It’s no secret that there’s a shortage of finance talent in the workforce. While the national unemployment rate is now at a svelte 3.9 percent, that figure grows even slimmer for this segment, where demand for those with accounting and finance-related degrees are outpacing supply: A recent analysis by recruiting firm Robert Half pegged the unemployment rate for accountants at 1.8 percent; for financial analysts, it was a mere 0.8 percent.
Yet, finding talent is only half the battle. The real challenge is keeping up-and-coming finance professionals – particularly those in the first decade of their careers, who have the highest attrition rates – from jumping ship. Finance managers aren’t alone in this regard. In a recent Deloitte survey, 43 percent of Millennials said they planned to leave their current job within two years. When talent takes off, companies face direct and indirect costs of recruiting and training replacements, and lose institutional knowledge in the process.
Meanwhile, small-to-medium businesses (SMBs) in booming markets face yet another hurdle: How to compete against Fortune 100 companies that are moving in or ramping up. If all else in the equation is equal, your talent may very easily jump at the chance to add a big brand to their résumés.
Fortunately, it doesn’t have to be an equal experience. Whereas many SMBs may come up short when it comes to global name recognition or recruiting firepower, they can offer finance talent even better reason to stay: Flexibility, exposure and long-term opportunities that may be hard to find at larger firms.
Here’s how to get an edge:
Every market has its own dynamics, which is why it’s important to keep tabs on what’s happening in your backyard. Are new companies moving into the region? How are accountants, financial analysts and other finance professionals being compensated? Don’t rely on national trends or surveys to glean this critical information.
It’s important to put your best foot forward out of the gate, but you’ll also want to stay current on salary, benefits and workplace trends after you make key hires. Once talent starts looking elsewhere, it’s often too late.
While offering a competitive salary and traditional benefits (i.e. health insurance and retirement) is a must, be sure to look beyond the obvious. The Deloitte survey found that after pay, culture and flexibility are a top priority for millennials. No doubt, the flexibility to work at home, leave early when needed or sidestep red tape carries as much weight as compensation, both in the decision to take a role and to keep it.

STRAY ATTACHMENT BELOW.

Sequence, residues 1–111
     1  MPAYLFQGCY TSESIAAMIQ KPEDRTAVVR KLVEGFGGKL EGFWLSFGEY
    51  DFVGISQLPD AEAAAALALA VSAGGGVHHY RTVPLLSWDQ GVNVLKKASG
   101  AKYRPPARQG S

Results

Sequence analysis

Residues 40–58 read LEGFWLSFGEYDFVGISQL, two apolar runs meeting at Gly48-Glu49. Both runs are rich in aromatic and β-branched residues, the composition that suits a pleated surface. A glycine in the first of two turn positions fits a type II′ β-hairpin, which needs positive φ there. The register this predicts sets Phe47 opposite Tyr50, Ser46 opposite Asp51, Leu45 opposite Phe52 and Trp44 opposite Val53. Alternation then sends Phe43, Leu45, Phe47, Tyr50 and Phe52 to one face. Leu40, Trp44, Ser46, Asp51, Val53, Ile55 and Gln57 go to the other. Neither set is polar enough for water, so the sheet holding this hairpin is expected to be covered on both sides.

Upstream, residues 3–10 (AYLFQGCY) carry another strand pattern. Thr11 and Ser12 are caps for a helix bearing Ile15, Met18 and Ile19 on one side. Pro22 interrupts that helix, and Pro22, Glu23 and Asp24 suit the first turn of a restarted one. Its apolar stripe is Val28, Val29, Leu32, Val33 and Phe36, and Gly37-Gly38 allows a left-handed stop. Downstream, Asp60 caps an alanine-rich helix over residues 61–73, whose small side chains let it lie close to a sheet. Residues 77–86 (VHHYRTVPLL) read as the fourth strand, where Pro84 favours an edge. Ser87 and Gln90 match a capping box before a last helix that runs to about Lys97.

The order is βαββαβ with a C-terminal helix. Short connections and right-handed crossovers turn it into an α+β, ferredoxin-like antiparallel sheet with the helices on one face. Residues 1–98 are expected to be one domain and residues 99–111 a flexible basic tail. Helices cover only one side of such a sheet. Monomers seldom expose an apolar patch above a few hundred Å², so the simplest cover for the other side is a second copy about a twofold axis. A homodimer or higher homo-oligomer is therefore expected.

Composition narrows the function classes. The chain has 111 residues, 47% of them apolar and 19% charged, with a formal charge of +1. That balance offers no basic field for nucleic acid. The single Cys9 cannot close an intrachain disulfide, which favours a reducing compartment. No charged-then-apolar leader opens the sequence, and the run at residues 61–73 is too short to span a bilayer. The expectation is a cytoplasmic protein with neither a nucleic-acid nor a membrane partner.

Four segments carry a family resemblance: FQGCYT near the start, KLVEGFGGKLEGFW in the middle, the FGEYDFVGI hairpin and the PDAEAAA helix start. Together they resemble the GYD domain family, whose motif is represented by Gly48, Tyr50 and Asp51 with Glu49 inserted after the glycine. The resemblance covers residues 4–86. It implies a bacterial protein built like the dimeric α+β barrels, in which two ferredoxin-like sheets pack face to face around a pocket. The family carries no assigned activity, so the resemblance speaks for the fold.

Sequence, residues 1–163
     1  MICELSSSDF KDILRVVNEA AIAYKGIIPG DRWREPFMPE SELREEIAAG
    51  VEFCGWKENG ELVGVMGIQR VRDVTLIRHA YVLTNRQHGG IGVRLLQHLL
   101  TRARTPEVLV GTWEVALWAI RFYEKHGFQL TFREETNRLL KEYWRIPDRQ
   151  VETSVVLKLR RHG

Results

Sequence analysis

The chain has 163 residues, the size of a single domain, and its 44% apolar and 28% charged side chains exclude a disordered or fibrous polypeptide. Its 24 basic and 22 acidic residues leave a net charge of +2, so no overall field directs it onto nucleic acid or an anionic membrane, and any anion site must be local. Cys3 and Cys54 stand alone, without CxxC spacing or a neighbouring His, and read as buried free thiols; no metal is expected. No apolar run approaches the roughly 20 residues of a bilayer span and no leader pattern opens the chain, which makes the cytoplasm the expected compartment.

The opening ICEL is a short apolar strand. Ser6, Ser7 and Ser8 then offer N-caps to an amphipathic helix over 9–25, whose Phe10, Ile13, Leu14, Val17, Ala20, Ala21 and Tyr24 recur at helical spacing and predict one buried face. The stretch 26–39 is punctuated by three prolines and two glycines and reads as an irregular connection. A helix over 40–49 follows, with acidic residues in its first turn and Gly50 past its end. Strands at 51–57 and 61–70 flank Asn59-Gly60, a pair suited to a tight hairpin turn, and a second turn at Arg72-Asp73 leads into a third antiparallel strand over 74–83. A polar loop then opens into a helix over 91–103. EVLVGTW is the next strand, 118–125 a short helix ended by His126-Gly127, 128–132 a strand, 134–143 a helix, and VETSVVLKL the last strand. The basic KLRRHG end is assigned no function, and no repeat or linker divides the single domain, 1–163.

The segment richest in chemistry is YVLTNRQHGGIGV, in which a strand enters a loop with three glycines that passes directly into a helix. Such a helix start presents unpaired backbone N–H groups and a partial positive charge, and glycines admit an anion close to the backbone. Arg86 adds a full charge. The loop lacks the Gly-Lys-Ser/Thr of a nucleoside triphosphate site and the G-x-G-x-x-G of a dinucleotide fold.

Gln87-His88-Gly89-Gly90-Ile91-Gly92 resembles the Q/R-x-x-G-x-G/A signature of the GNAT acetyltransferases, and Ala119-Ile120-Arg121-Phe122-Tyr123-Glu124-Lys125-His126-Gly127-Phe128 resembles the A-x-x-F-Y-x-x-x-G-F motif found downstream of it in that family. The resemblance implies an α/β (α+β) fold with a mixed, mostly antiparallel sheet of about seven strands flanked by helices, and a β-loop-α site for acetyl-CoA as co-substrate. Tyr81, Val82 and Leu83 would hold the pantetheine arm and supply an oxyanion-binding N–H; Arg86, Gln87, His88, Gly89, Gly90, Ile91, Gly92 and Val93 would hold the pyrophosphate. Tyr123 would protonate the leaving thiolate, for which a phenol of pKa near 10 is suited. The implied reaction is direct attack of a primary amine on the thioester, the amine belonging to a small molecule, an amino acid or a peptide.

Larger organizations can offer brand recognition and competitive benefits, but when it comes to giving finance professionals exposure to senior executives or developments outside of accounting, smaller companies often have an edge. At SMBs in particular, the lines between finance, operations and other functions are blurring, offering motivated finance professionals myriad opportunities for career development. In yet another study, this one on “How Millennials Want to Work and Live,” Gallup found that 87 percent of respondents said career development is important in a job.
Of course, it’s one thing to pay lip service to these promises during the recruiting process and quite another to deliver on them. To keep top talent in the fold, finance leaders need to make sure up-and-coming employees have the opportunity to have a seat at the table.
Fortunately, technology has made it possible for finance professionals to shift their focus from data collection and reporting, to analysis and strategy. Again, for finance professionals at smaller organizations, this alone may be reason to continue to stay.
Many hiring managers are so eager to fill a position that they neglect to take the extra steps needed to ensure employee retention. Given the high cost of recruiting and training new talent, it’s far more effective to make sure that a new hire has staying power the first time around.
Going back to the Deloitte survey on top priorities, culture is a top priority for today’s class of talent. Yet, what qualifies as a great culture for one hire might be a miss for another. Therefore, it’s essential to know what’s unique about your firm’s culture, and size up candidates accordingly.
If your firm’s culture is entrepreneurial, for example, your best shot at keeping talent is spotting people who can thrive in a dynamic environment. Then again, what others might consider an opportunity – intellectually, professionally and even financially – others might find too unpredictable.
In the fight to keep top talent, and stay competitive, SMBs should aim to embrace the agility of a smaller organization while emulating some of the best practices of a larger one. This includes making sure your finance talent has everything they need to do their jobs effectively. In a PwC study on how millennials are reshaping the workplace in financial services, more than half of young professionals said access to state-of-the-art technology was important to them when considering a job.
There was a time when smaller employers could not compete with the behemoths in this regard – but modern improvements have made this engagement possible. Cloud computing, advanced analytics and other leaps have made it possible for finance teams at SMBs to adopt the best of both worlds.